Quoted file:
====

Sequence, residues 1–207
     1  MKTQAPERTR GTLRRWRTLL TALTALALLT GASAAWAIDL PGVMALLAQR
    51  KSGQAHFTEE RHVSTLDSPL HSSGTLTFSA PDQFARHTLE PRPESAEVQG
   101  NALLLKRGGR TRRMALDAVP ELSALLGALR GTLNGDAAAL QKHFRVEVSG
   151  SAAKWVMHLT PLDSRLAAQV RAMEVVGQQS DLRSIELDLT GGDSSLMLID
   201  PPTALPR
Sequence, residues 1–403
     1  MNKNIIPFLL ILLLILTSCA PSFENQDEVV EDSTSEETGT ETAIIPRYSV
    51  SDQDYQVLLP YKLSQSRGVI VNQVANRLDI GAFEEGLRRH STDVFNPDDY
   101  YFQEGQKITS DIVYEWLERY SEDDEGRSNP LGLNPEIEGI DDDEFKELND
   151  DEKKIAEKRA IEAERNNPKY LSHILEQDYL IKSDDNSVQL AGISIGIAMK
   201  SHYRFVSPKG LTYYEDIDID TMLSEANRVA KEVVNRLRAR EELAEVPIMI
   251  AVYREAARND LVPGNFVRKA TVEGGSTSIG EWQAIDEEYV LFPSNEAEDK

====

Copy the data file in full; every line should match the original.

Sequence, residues 1–207
     1  MKTQAPERTR GTLRRWRTLL TALTALALLT GASAAWAIDL PGVMALLAQR
    51  KSGQAHFTEE RHVSTLDSPL HSSGTLTFSA PDQFARHTLE PRPESAEVQG
   101  NALLLKRGGR TRRMALDAVP ELSALLGALR GTLNGDAAAL QKHFRVEVSG
   151  SAAKWVMHLT PLDSRLAAQV RAMEVVGQQS DLRSIELDLT GGDSSLMLID
   201  PPTALPR
Sequence, residues 1–403
     1  MNKNIIPFLL ILLLILTSCA PSFENQDEVV EDSTSEETGT ETAIIPRYSV
    51  SDQDYQVLLP YKLSQSRGVI VNQVANRLDI GAFEEGLRRH STDVFNPDDY
   101  YFQEGQKITS DIVYEWLERY SEDDEGRSNP LGLNPEIEGI DDDEFKELND
   151  DEKKIAEKRA IEAERNNPKY LSHILEQDYL IKSDDNSVQL AGISIGIAMK
   201  SHYRFVSPKG LTYYEDIDID TMLSEANRVA KEVVNRLRAR EELAEVPIMI
   251  AVYREAARND LVPGNFVRKA TVEGGSTSIG EWQAIDEEYV LFPSNEAEDK